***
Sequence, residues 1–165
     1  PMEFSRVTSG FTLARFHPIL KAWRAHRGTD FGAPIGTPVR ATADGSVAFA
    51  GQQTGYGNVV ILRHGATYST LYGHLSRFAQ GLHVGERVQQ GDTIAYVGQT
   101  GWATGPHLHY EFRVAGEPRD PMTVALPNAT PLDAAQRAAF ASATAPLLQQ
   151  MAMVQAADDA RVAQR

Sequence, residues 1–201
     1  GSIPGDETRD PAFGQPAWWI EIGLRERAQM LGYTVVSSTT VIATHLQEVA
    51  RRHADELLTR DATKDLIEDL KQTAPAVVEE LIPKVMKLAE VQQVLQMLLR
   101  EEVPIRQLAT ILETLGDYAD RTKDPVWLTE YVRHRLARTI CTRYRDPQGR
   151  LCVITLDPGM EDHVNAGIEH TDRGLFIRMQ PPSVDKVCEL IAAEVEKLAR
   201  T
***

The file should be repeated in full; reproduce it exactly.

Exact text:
Sequence, residues 1–165
     1  PMEFSRVTSG FTLARFHPIL KAWRAHRGTD FGAPIGTPVR ATADGSVAFA
    51  GQQTGYGNVV ILRHGATYST LYGHLSRFAQ GLHVGERVQQ GDTIAYVGQT
   101  GWATGPHLHY EFRVAGEPRD PMTVALPNAT PLDAAQRAAF ASATAPLLQQ
   151  MAMVQAADDA RVAQR

Sequence, residues 1–201
     1  GSIPGDETRD PAFGQPAWWI EIGLRERAQM LGYTVVSSTT VIATHLQEVA
    51  RRHADELLTR DATKDLIEDL KQTAPAVVEE LIPKVMKLAE VQQVLQMLLR
   101  EEVPIRQLAT ILETLGDYAD RTKDPVWLTE YVRHRLARTI CTRYRDPQGR
   151  LCVITLDPGM EDHVNAGIEH TDRGLFIRMQ PPSVDKVCEL IAAEVEKLAR
   201  T